Local descriptions of snarled traffic and crumbling infrastructure ought give pause to commuters stewing on North American expressways.
Regular passengers include unemployed youth looking for work, a perennial problem in Iraq where demonstrations over lack of jobs, water and power turned violent in the southern city of Basra in September.It's a small beginning. The hopeful speak of restoring rail service to the Syrian border. At one time, even after the fall of the Ottoman Empire, there was through service to the Asian side of Istanbul.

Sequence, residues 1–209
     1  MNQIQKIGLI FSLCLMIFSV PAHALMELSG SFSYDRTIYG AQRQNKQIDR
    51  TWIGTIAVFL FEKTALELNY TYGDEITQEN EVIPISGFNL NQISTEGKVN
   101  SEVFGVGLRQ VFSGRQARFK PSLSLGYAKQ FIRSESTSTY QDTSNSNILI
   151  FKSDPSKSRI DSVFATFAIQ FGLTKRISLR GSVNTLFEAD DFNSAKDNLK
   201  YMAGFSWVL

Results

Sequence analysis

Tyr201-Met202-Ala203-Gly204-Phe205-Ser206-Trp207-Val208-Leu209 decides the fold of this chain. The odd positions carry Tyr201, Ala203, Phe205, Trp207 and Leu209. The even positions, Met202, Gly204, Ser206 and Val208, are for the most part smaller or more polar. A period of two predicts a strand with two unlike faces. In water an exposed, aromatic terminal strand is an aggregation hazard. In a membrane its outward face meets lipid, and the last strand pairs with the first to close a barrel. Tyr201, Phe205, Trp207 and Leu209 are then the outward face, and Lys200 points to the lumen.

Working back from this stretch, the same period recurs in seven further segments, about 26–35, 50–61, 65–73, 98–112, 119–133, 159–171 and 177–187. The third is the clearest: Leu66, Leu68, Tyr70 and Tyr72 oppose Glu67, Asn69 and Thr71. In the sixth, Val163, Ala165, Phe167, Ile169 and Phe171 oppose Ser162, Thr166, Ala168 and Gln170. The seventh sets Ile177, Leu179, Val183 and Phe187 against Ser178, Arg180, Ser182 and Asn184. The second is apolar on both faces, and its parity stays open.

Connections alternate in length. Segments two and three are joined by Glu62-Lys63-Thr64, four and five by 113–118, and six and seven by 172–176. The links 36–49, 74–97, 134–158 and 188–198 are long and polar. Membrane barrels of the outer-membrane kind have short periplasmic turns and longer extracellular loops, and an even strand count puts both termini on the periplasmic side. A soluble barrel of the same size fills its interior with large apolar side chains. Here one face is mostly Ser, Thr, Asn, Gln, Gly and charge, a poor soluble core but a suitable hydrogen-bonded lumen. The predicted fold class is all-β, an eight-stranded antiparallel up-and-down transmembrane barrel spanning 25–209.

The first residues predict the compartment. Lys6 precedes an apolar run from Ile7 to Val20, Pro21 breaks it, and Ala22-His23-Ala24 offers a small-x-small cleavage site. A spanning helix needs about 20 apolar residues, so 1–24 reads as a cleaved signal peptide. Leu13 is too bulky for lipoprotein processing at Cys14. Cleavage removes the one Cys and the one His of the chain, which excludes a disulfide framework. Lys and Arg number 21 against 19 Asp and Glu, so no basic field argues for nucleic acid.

“I had a job interview with an NGO today in Baghdad, but I’m not holding out much hope,” said Yassin Jasim, a recent graduate with a degree in medicine. “I try to get casual work in Falluja, but there’s little and it’s low pay.”
Tracks buried in sand? Railroaders have learned about that in dune country, the same way their counterparts in colder climes deal with snow.